BTW: Now I mainly use the xbox for movies, and my brother is also obsessed with LOTR. When I put The Two Towers on the xbox in high-quality, he was ecstatic. Ahhh for some reason right now I am loving life, even though my day has been less than alright, as I had probably the 2nd worst panic attack of my life, and felt very sick for the most of wrestling practice as I ate a ****load of pepperoni before practice. I almost chunked numerous times, and I did a little of this greasy-orange stuff :thumbs do. Note to self: A ****load of pepperoni+tons of water=pure grease manufactered in the stomach... :wow:
    Box:
    [Mobo] Asus A7N8X w/ Modified 1003 Uber BIOS w/ Custom Boot logo
    [CPU] Athlon XP 2200+ Thoroughbred
    [Memory] 512 Samsung PC3200 DDR400 w/ Copper Heatsink(s)
    [Video Card] Geforce 3 ti200 128 DDR Special Gold Edition

    Cooling
    [Case] All aluminum Skyhawk case w/ custom cut blowhole
    [HSF] Volcano 11 Xaser Edition
    [Northbridge] ThermalTake Crystal Orb
    [Southbridge] Aluminum Northbridge heatsink attatched

    Operating System:
    [OS] Windows XP Pro w/ SP1

    Are you sick of poor quality 128k mp3's that sound inferior to regular CD's you buy in the store? Do you long for the exact sound of a CD with absolutly no quality loss, and at practically half the size of a normal CD? CD's get scratched all the time, and FLAC is great for archiving all those good copies of your classic rock, and backing them up to save forever. FLAC unlike mp3, or ogg vorbis is what is called a lossless format. This means that no quality whatsoever is lost from the origianl disk. Lossy formats such as ogg vorbis, wmv, and moreover mp3 are usually flat sounding, and full of hissing and dullness because they discard and literally throw out important information that controls how good the CD will sound. Using FLAC will ensure the crystal-clear clarity that you can expect from a freshly opened CD. Instead of flimsy CD cases that snap and CD's that scratch easily, and are inevitably summoned to a poor scratched up death; FLAC files can be stored in a tough metal box known as your Hard Disk. FLAC putting life back into digital audio. If you own legit copies of CD's and seek for them pre-FLAC'd for all your digital listening needs please shoot me a PM for more information.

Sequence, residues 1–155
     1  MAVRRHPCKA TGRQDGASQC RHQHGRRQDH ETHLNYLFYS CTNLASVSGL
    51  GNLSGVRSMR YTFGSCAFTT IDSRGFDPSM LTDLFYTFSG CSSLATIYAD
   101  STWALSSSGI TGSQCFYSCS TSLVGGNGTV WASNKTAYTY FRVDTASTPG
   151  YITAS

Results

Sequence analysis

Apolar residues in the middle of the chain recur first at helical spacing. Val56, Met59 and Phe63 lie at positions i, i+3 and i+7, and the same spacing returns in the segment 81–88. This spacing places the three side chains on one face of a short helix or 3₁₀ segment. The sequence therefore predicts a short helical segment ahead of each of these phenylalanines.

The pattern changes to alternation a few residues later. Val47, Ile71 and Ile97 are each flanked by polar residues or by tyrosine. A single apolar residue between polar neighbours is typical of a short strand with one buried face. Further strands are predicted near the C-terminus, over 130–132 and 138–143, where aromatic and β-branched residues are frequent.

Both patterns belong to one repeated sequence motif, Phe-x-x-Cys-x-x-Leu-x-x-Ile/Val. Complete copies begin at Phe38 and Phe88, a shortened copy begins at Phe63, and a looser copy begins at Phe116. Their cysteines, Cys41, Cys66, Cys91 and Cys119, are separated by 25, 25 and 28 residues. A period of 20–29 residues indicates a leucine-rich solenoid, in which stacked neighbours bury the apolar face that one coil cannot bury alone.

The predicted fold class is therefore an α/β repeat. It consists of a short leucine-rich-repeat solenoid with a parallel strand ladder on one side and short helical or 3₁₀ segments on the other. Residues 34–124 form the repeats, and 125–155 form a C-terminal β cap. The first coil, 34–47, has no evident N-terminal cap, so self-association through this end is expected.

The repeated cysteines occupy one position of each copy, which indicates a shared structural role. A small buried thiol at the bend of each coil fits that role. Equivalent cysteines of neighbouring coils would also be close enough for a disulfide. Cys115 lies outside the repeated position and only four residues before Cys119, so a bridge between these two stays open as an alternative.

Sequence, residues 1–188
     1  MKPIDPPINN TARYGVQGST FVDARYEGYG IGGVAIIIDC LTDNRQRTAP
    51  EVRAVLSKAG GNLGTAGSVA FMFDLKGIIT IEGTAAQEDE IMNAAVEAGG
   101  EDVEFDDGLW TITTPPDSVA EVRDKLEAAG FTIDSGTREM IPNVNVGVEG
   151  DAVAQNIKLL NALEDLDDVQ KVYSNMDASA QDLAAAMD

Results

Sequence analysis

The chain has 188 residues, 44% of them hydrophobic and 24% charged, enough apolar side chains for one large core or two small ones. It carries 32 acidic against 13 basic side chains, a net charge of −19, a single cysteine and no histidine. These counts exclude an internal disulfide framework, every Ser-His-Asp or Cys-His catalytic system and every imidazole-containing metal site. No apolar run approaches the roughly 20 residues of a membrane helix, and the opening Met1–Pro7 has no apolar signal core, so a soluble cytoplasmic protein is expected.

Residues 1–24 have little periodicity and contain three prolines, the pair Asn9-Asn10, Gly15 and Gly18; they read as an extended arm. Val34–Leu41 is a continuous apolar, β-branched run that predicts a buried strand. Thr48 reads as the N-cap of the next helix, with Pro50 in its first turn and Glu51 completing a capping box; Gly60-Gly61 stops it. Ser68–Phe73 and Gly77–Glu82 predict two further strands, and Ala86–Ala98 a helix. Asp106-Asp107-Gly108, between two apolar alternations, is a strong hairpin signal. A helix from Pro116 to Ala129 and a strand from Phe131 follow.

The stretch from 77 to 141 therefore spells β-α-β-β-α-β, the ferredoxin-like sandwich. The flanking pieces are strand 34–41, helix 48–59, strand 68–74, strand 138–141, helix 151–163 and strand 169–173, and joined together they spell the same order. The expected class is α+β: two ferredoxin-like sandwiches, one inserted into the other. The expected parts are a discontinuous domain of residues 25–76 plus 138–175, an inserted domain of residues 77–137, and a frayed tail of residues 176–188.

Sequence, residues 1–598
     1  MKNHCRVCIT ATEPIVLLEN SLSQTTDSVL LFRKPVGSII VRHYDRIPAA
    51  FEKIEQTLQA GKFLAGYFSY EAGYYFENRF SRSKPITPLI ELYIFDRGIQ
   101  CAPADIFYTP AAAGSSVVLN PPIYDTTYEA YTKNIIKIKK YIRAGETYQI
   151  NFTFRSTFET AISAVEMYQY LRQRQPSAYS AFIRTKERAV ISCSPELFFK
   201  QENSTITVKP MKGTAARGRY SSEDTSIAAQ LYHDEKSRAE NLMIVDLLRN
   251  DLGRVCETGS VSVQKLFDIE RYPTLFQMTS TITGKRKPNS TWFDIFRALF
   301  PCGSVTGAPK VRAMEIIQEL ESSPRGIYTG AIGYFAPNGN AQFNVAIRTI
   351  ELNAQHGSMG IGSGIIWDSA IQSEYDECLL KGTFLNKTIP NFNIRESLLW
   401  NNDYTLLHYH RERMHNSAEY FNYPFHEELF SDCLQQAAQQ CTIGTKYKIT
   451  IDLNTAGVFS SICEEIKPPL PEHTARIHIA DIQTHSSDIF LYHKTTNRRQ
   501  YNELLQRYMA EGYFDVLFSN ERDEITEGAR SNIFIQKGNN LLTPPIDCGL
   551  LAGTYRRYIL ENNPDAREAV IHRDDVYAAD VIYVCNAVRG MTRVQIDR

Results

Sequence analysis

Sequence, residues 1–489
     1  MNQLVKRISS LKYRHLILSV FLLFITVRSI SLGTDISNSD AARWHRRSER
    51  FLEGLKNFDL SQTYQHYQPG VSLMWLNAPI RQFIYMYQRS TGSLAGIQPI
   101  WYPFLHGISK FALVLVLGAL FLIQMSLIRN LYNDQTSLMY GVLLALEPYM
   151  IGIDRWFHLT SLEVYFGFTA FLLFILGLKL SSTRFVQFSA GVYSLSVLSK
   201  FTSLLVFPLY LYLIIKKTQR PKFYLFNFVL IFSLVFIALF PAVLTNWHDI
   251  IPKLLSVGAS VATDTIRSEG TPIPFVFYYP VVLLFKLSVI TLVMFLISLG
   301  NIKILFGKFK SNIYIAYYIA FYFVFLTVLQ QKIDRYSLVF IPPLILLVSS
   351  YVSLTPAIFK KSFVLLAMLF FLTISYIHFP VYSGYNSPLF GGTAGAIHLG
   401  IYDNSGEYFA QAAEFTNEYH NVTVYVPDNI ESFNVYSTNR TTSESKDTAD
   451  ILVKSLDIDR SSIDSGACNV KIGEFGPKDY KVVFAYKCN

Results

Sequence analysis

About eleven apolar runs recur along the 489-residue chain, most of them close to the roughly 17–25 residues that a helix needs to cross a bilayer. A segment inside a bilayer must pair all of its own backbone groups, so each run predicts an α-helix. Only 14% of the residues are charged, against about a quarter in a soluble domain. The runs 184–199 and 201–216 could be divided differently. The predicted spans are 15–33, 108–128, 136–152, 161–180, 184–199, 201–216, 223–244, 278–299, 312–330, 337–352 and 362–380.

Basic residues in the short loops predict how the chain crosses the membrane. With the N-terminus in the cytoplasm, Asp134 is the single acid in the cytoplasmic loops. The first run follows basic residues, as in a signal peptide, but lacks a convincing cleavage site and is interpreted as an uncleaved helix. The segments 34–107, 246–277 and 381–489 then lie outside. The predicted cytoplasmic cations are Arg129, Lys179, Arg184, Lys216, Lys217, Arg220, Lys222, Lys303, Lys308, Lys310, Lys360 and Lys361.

3. #3
    Join Date
    Aug 2002
    Location
    Ohio, USA
    Posts
    1,296

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    Personally, I'm waiting for the day when die shrinking tech lets me buy a 10gz processor with 4gb ram built into the cpu and a 2tb solid state hard drive with 100gbps laser fiber network connection.

  4. #4
    Join Date
    Feb 2003
    Posts
    322

    Default

    lol... Like what I said be happy with what you have :afro: rofl :laugh:

    All is I am saying is that would make one 1337 pr0n box. Lol I would name it (goldeneyestyle) Jameson... Jenna Jameson :laugh: You would be able to store a crapload of pr0n, and download it before you could say 'gross goatse!'